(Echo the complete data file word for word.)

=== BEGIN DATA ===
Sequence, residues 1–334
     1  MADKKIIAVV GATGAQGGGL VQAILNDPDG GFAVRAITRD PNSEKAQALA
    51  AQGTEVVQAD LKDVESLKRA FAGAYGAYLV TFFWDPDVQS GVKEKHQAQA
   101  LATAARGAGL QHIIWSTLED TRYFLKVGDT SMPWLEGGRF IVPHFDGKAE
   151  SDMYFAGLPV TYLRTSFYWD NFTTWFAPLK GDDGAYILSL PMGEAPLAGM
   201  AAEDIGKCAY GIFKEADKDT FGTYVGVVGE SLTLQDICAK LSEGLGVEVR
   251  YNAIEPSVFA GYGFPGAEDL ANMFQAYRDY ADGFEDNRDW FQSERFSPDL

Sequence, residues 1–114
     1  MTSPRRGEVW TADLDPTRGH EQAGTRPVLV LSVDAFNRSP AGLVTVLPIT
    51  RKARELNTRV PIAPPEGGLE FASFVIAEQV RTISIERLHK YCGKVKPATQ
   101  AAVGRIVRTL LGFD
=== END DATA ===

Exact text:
Sequence, residues 1–334
     1  MADKKIIAVV GATGAQGGGL VQAILNDPDG GFAVRAITRD PNSEKAQALA
    51  AQGTEVVQAD LKDVESLKRA FAGAYGAYLV TFFWDPDVQS GVKEKHQAQA
   101  LATAARGAGL QHIIWSTLED TRYFLKVGDT SMPWLEGGRF IVPHFDGKAE
   151  SDMYFAGLPV TYLRTSFYWD NFTTWFAPLK GDDGAYILSL PMGEAPLAGM
   201  AAEDIGKCAY GIFKEADKDT FGTYVGVVGE SLTLQDICAK LSEGLGVEVR
   251  YNAIEPSVFA GYGFPGAEDL ANMFQAYRDY ADGFEDNRDW FQSERFSPDL

Sequence, residues 1–114
     1  MTSPRRGEVW TADLDPTRGH EQAGTRPVLV LSVDAFNRSP AGLVTVLPIT
    51  RKARELNTRV PIAPPEGGLE FASFVIAEQV RTISIERLHK YCGKVKPATQ
   101  AAVGRIVRTL LGFD